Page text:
On one hand, there are people who believe that if they are going to do something, it should be taken seriously and done to the utmost of their ability. On the other are those who seek personal pleasure and fulfillment. Which are the real gamers? Well both, I suppose. Video games are certainly pieces of software often meant to challenge us, and they also often represent imaginative worlds to explore. They are there to be whatever we make of them. There’s arguably no wrong way to go about playing games, only different attitudes and alignments. For example:gamer alignments

Sure, left-brained folk are the ones who really inhabit and appreciate these worlds and some of them have been doing so since they were getting picked on and ridiculed for loving video games in leaner times -often by the same people who now inhabit Call of Duty servers. But gaming is changing. The concept of an e-sport is a pretty new one, and in some ways it signifies the legitimacy of gaming as a pastime. But what it also does is open up competitive gaming to people who only see it as a way to beat other people at things and maybe get paid for it.

The fact of the matter is that more people are playing more games now than ever. Gaming is a business and an industry, it’s a hobby and it’s an obsession, it’s entertainment and art, it’s a lifestyle and a sport and a culture. Whichever aspects are the ones you relate to; gaming is something all types have in common. How you approach it is entirely up to you. All you need to do to be a real gamer is game.

Five Terrifying Moments from the Original Resident Evil

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In 1996 Capcom created a beloved classic gaming franchise that pushed an entire genre into the mainstream and has since crossed over into film to become a true pop culture landmark. The original Resident Evil set a bar for the survival horror genre that I’m not convinced has been cleared yet. It was a game people bought the PlayStation just to play along with established brands like Final Fantasy. This was one of the games that helped cement Sony’s presence as the new king of the console scene.

The original game has since been released as a director’s cut, remade, and ported to nearly every console in existence. From a gameplay standpoint, most gamers can agree that Resident Evil hasn’t really aged well, but for those of us who were there when it revolutionized horror storytelling in gaming and gave us a whole new experience in fear, we’ll always have the memories. Here are the moments that creeped me out so much that I still remember the feeling nearly twenty years later.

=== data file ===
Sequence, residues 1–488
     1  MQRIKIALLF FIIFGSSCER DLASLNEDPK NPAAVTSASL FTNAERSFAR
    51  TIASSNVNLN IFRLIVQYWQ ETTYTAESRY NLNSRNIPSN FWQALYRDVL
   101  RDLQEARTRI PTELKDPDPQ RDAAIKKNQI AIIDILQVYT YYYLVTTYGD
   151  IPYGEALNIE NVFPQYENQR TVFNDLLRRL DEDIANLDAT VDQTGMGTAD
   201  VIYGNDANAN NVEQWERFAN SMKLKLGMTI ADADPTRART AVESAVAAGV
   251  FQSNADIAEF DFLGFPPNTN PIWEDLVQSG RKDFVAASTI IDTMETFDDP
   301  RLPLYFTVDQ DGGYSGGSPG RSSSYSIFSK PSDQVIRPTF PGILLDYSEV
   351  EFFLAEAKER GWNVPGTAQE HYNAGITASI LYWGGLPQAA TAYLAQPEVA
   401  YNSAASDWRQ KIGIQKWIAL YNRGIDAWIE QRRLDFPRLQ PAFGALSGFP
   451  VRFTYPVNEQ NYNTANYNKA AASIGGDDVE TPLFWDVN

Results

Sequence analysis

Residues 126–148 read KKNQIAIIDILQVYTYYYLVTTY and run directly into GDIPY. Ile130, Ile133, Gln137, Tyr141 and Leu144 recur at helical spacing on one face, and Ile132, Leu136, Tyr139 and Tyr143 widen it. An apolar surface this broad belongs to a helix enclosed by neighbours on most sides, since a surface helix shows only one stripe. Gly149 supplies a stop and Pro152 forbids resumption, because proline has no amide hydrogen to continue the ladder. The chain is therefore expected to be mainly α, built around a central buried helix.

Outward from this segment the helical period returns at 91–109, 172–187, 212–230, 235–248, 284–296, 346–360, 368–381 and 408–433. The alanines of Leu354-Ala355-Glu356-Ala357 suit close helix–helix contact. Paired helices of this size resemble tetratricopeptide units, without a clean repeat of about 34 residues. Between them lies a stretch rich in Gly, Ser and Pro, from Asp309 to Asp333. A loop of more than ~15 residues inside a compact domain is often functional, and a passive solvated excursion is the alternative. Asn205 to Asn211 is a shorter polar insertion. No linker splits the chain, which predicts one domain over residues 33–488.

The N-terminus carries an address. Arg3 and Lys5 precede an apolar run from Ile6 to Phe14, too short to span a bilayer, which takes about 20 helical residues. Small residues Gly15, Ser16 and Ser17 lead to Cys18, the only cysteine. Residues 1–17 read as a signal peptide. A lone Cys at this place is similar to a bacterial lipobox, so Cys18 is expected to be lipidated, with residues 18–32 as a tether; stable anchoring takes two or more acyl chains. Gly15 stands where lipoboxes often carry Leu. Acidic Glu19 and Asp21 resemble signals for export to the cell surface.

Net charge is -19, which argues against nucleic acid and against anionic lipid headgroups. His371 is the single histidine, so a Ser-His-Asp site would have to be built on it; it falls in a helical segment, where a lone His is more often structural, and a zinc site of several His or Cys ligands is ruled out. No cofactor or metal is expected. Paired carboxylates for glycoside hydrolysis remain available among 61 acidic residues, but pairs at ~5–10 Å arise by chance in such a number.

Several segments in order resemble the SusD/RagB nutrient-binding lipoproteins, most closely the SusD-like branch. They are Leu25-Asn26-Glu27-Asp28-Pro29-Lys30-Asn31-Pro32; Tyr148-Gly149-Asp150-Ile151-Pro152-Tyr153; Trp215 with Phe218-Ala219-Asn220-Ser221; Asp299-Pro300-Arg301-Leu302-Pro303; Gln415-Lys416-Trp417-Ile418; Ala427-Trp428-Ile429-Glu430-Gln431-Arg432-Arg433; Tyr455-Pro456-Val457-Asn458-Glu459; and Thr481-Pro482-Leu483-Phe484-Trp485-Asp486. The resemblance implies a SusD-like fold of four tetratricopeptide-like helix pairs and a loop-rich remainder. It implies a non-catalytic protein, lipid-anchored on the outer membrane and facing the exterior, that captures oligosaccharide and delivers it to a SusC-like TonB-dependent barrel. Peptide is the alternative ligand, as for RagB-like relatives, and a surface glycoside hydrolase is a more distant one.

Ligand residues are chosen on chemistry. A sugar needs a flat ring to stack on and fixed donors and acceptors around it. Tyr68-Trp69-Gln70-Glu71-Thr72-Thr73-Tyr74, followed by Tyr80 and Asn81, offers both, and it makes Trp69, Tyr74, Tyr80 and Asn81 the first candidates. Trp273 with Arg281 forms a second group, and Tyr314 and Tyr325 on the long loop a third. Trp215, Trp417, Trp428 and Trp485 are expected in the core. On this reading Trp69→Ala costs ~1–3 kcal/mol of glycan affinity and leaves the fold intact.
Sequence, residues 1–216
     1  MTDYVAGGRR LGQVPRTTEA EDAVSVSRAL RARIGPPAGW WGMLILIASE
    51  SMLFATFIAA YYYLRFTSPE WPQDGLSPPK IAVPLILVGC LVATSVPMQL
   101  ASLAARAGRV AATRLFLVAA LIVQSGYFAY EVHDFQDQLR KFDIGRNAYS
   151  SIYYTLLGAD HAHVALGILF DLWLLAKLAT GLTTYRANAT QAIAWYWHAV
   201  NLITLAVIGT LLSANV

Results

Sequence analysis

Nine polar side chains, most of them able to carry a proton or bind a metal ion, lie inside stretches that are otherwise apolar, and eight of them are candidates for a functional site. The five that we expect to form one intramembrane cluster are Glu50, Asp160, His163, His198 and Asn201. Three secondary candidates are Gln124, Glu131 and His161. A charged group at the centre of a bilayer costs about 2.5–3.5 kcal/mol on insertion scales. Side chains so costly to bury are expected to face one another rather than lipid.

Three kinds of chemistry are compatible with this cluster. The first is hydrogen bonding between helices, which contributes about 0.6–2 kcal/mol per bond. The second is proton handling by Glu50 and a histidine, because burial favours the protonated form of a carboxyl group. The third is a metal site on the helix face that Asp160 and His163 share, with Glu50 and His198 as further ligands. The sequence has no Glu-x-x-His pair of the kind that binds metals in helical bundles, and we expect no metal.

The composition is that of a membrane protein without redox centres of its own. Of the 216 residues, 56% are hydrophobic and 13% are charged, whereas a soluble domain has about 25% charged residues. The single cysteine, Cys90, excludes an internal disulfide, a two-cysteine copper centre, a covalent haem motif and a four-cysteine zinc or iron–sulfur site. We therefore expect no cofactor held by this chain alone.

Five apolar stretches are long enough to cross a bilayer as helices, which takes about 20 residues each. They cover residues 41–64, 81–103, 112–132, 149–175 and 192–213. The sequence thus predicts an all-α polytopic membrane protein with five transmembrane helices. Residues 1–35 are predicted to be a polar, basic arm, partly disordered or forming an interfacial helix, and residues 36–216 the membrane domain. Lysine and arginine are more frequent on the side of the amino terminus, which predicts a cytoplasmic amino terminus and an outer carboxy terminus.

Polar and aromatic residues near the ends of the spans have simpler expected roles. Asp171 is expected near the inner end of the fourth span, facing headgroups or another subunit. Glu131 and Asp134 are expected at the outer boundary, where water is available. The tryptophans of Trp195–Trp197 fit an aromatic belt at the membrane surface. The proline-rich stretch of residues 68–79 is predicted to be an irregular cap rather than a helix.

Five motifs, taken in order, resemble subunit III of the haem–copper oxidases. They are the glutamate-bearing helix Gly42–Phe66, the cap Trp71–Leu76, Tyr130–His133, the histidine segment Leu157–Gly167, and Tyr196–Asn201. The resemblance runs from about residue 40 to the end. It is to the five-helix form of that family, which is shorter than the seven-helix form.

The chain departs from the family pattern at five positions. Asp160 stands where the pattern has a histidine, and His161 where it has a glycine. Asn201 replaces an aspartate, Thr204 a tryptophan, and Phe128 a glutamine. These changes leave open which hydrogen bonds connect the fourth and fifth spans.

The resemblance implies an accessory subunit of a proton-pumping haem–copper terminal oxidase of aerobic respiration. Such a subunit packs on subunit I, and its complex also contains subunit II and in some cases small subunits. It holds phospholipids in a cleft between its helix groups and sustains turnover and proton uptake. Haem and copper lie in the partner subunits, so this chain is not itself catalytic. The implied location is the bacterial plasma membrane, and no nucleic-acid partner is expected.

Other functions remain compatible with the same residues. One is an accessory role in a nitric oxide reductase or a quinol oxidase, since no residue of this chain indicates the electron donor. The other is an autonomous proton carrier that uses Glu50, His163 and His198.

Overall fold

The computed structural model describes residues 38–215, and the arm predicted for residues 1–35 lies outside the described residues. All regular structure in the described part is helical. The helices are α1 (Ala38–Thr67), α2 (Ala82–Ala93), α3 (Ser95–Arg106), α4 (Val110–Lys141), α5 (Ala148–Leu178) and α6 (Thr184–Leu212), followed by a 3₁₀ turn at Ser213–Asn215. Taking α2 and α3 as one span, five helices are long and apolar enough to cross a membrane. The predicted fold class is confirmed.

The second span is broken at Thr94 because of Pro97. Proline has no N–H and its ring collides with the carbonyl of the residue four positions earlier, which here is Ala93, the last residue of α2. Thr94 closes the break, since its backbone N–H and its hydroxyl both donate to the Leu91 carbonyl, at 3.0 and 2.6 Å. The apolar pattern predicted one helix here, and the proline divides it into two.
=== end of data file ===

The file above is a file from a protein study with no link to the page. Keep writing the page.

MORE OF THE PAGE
Eight arms to hug you with.

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Most creatures on God’s green Earth don’t really scare me much. Lions and tigers and bears are just big kitties and furry critters and I think snakes are cool. But spiders, man. That shit freaks me out. I can’t even be in the same room with one without shaking and twitching uncontrollably. And this from a kid who used to keep pet tarantulas. Yeah, I don’t get it either.

Anyways, I remember the abject horror of playing those early PlayStation games and experiencing (for the time) lifelike threats on my screen for the first time. I went from classic Nintendo to these hairy 8-legged monstrosities who would rear up like a real spider in a threat pose. It chilled me to the bone and induced complete panic the first time I saw it. And the fact that they were clinging to the ceiling and would drop down right next to you made it even more horrifying.

If nothing else, experiencing the giant spiders in Resident Evil prepared me for the HD arachnids infesting Skyrim, which may have caused me a heart-attack if I hadn’t been prepared for it by plying through this PS classics so at least some good came out of almost wetting myself.

Off with her head!

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Resident Evil’s save system was part of what made it so nerve-wracking. You explored the mansion and its grounds scrounging every little thing you could find to survive the onslaught of monsters. You could only save in certain rooms, but on top of that, you needed ink ribbons to activate the typewriter to record your progress. So no save-spamming allowed. You had to use them sparingly.

At some point you get comfortable with the slow-moving zombies and other enemies you learn to kill or skirt around without taking too much damage. Then these goddamn Hunters enter the scene. These bipedal bastards are fast and smart and the want nothing more than to take a flying leap and knock your head off with one swipe.

Potentially hours of in-game progress gone in an instant. With every single bullet a rare prize, and the beasties often coming at you faster than you can even aim shooting them is not always an option so a lot of the time, you run. It really adds a lot to the tension of a horror game when you feel that fighting back isn’t a course of action worth the risk and you aren’t able to save every step. You’ve got something to lose and you are being pursued by a tireless and formidable threat capable of ending you with one well-placed attack. Encountering Hunters was terrifying.

Dark wings, dark words.

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Now this is the meaning of the word suspense. You walk down a hallway lined with paintings and switches. Perched above you is a flock of crows lining the walls, cawing, and watching you expectantly. You need to use the paintings to figure out which order to trigger the switches.

While observing the paintings, one may forget the Hitchcockian predicament your character is in. Well, should you initially fail in your appointed task, the game will very quickly remind you where you are with a flurry of fluttering as your avian audience suddenly swoops in and attacks you, sending you running down the hallway in total panic mode looking for the exit. Well-played, Capcom.